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The late great Augustine made the comment that there is a symbiotic relationship between faith and reason, one that is so important that if you try to have faith without reason, the faith that you will display will not be authentic biblical faith, because a faith without reason, Augustine said, is not faith but credulity. It’s the kind of silliness that affirms that belief in the existence of little green men who live on the other side of the moon whose nonexistence as a negative can never be proven.
And you can argue saying that we’ve had people on the moon who have never encountered these little green men, and we have the Hubble telescope who have never been able to capture in their lens these little green men. And these people who are steadfast believers in the little green men will say, “Wow, that’s because these little green men that live on the other side of the moon have a built-in allergy to telescopes, to scientists, and to astronauts, so that they make themselves carefully hidden whenever a telescope is pointed in their direction.” Well, they can argue their point, but their faith is credulity. It’s foolishness.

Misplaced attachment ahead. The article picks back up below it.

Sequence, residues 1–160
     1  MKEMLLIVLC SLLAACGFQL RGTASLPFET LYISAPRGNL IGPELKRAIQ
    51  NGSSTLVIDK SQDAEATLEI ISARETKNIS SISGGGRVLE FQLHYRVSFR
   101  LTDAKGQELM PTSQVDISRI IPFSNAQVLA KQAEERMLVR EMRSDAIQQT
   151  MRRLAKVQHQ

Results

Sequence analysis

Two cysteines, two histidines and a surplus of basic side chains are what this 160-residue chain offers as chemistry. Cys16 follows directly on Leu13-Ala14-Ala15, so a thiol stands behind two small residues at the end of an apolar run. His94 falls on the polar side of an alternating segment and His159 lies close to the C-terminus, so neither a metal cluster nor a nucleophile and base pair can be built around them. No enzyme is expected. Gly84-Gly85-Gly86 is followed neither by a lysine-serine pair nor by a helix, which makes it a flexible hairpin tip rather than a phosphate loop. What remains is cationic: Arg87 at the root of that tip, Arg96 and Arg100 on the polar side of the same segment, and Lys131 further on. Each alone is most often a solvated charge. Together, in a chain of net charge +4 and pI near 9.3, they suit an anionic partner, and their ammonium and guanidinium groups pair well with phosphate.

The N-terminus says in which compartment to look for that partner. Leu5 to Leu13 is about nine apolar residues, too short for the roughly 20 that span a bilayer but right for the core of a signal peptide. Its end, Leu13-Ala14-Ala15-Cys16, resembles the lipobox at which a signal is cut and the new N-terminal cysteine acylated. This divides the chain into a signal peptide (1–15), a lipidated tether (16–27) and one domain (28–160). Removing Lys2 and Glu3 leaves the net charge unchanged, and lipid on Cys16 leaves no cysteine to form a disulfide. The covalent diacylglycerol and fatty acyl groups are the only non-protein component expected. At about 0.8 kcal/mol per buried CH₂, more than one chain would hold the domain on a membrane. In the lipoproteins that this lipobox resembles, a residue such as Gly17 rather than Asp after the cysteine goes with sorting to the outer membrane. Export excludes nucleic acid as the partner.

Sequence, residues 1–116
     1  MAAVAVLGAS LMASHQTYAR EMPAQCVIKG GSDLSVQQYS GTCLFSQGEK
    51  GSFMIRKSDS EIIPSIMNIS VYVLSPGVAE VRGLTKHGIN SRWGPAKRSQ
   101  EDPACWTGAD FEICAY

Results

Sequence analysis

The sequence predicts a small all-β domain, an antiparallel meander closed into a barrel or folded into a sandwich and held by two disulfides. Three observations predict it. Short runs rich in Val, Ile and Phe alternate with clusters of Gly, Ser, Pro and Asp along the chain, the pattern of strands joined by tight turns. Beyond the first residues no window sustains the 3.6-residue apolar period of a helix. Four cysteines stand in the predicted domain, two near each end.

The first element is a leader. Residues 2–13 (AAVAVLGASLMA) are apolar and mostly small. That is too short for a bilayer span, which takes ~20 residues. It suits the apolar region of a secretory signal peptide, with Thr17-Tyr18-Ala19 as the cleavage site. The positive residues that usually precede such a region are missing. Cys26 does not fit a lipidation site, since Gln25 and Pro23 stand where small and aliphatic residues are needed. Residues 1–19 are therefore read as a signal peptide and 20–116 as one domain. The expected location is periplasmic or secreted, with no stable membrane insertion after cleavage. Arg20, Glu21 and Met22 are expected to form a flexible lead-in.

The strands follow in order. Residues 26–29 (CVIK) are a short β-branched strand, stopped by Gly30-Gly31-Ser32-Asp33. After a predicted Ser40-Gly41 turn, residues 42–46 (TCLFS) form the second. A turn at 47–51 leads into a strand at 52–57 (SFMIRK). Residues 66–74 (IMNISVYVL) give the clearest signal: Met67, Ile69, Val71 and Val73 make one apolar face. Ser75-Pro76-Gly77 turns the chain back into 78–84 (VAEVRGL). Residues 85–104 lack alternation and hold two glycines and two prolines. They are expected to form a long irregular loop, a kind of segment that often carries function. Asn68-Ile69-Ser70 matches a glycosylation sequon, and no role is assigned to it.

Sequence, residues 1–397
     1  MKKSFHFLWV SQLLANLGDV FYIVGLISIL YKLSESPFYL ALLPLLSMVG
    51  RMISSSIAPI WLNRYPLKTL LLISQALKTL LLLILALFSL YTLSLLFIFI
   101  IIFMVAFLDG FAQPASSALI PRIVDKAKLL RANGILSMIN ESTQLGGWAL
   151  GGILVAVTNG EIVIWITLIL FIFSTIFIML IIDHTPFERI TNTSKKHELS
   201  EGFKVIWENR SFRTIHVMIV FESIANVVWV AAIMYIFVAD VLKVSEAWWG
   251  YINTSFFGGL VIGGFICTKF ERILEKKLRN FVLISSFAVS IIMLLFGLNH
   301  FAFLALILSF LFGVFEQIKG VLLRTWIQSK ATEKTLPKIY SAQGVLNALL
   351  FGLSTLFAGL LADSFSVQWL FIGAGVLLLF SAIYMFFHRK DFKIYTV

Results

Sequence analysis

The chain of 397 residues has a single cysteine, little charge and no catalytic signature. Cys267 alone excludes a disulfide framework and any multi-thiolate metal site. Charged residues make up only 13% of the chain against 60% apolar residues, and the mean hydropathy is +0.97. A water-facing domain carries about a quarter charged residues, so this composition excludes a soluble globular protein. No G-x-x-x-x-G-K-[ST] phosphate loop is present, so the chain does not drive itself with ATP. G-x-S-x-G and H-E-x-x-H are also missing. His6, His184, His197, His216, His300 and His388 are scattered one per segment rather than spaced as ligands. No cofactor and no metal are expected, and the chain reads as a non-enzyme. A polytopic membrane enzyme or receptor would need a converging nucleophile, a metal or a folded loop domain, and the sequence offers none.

Now, Augustine says that there is such a relationship between faith and reason and that it is no virtue to rejoice in an irrational faith. No, faith, though it is the substance of things unseen, is not a leap into the darkness. God never calls people to make a blind leap into the darkness as a exercise in faith. In fact, the New Testament always and everywhere calls us to leap out of the darkness and into the light.